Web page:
Autoimmune diseases stopped in mice

Experimental treatment halted diabetes, MS without ruining rodents’ ability to fight infection

A new strategy to rebalance out-of-control immune systems could one day stop autoimmune diseases. The method, tested in mice, preserves the body’s ability to fight off bacteria and viruses.

Autoimmune diseases result when the immune system mistakes some of the body’s proteins for invaders and attacks organs. Doctors usually treat such disorders — including type 1 diabetes, multiple sclerosis, lupus and rheumatoid arthritis —with immune-suppressing drugs. The drugs calm the attacks but damage the ability to fight infections and cancer.

But research now shows that the immune system can relearn that the body’s proteins are friends, not foes. Scientists broke down and rebuilt the immune systems of mice with diseases that mimic type 1 diabetes and MS. The treatment stopped the progress of diabetes in four out of five mice and put animals with a disease similar to MS into remission, the team reports in the June 18 Science Translational Medicine.

The treatment works by depleting the body of faulty immune cells and stimulating the formation of new ones called regulatory T cells, or T-regs. Regulatory T cells are akin to military police that watch over the immune system’s soldier cells to make sure they kill only true foes and don’t damage the body’s own cells with friendly fire, says immunologist WanJun Chen of the National Institute of Dental and Craniofacial Research in Bethesda, Md., who led the study. Autoimmune diseases occur in part because T-regs aren’t doing their job properly.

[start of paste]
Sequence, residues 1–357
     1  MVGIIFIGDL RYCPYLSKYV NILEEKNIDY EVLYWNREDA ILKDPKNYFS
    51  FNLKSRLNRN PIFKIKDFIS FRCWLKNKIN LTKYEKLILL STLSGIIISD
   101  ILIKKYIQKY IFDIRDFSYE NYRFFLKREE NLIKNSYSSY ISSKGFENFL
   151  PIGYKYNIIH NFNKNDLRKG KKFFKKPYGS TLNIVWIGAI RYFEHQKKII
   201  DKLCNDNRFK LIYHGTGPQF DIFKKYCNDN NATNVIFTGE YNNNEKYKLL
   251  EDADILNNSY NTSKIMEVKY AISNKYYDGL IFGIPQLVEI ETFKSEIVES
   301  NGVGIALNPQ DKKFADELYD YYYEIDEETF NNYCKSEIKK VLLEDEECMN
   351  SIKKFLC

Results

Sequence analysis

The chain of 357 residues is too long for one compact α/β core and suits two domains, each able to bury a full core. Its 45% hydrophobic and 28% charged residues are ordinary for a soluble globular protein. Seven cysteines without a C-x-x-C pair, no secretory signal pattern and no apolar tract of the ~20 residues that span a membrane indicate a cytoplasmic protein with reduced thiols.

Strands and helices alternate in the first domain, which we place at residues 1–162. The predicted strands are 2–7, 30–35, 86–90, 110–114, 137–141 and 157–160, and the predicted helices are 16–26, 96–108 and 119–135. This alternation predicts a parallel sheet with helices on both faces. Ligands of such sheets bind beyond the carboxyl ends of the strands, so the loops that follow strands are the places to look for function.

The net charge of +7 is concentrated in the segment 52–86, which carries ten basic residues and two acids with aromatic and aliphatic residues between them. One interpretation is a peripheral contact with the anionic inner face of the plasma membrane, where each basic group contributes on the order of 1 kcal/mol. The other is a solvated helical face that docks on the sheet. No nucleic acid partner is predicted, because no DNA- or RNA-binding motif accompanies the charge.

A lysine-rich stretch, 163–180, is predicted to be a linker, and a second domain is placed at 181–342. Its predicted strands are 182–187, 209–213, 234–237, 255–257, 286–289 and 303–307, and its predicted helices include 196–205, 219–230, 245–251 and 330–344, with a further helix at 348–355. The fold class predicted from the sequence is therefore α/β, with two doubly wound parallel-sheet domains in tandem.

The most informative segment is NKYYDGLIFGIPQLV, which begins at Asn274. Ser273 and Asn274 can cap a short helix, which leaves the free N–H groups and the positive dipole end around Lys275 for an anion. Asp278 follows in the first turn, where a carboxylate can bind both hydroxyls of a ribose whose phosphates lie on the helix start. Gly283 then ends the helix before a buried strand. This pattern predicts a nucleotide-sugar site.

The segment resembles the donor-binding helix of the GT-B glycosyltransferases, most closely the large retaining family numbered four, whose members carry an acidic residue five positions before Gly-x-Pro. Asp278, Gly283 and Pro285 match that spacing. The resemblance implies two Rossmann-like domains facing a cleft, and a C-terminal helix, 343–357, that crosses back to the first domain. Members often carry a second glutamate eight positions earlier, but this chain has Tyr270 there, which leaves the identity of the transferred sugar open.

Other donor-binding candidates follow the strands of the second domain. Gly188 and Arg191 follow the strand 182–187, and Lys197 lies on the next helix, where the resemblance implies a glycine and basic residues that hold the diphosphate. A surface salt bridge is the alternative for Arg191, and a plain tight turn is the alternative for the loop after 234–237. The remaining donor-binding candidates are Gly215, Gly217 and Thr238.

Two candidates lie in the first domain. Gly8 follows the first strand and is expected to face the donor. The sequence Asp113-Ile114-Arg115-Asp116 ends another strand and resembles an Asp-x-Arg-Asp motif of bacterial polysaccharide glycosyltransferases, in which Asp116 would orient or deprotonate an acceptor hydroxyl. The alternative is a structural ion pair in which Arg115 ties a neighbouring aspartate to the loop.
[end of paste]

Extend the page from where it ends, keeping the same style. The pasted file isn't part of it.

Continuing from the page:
Chen’s T reg retraining program may allow researchers to fix wayward immune systems instead of just quashing them. “Conceptually, these findings have broken the bottleneck in manipulating T-regs for the treatment of human diseases, especially autoimmune diseases,” he says.

Before new T-regs could form, the researchers had to eliminate old, corrupted immune cells. The team dosed sick mice with enough radiation to cause 60 to 80 percent of their immune cells to commit a form of programmed suicide known as apoptosis. Next, the team injected immune cells called macrophages from the spleens of other mice into the sick animals to gobble up the dying cells. Gorging on dying cells causes macrophages to secrete a chemical called TGF-beta, which stimulates the immune system to produce new T-regs.

To ensure that the new T-regs would prevent autoimmune attacks, the researchers had to program the cells to distinguish self from outsiders. So along with the macrophages, Chen and colleagues injected the mice with the previously attacked body proteins, called autoantigens. The autoantigen boost produced T-regs that were on the lookout for those proteins. When these T-regs found tissues where the autoantigen proteins were made, the cells stopped other immune cells from attacking, Chen says.

The treatment still allowed immune cells to attack bacterial proteins, suggesting that the mice are still able to fend off infectious diseases.

Chen’s team demonstrated that both the macrophages and the autoantigens are necessary for the treatment to work. Irradiated mice lacking either didn’t go into remission from MS.

In other experiments, the researchers demonstrated a way possibly to avoid the radiation step. Antibodies that slate certain immune cells for death can generate enough suicidal cells for macrophages to gorge on. Since the antibodies don’t kill macrophages, the mice had plenty of macrophages to produce the TGF-beta needed to nurture new T-regs. If the technique is ever used to treat humans, antibodies would probably be used instead of radiation, Chen says.

There are still many obstacles to surmount before doctors can use the treatment. It’s not clear whether the body can sustain production of the calming T-regs to provide lasting relief from autoimmune attacks, says immunologist Lucienne Chatenoud of Paris Descartes University in a commentary on the work appearing in the June 20 Science. But if the treatment proves successful in people, she writes, similar techniques may be used to train the immune system to tolerate transplants, gene therapy and engineered tissues.

Tina Hesman Saey is the senior staff writer and reports on molecular biology. She has a Ph.D. in molecular genetics from Washington University in St. Louis and a master’s degree in science journalism from Boston University.

More Stories from Science News on Life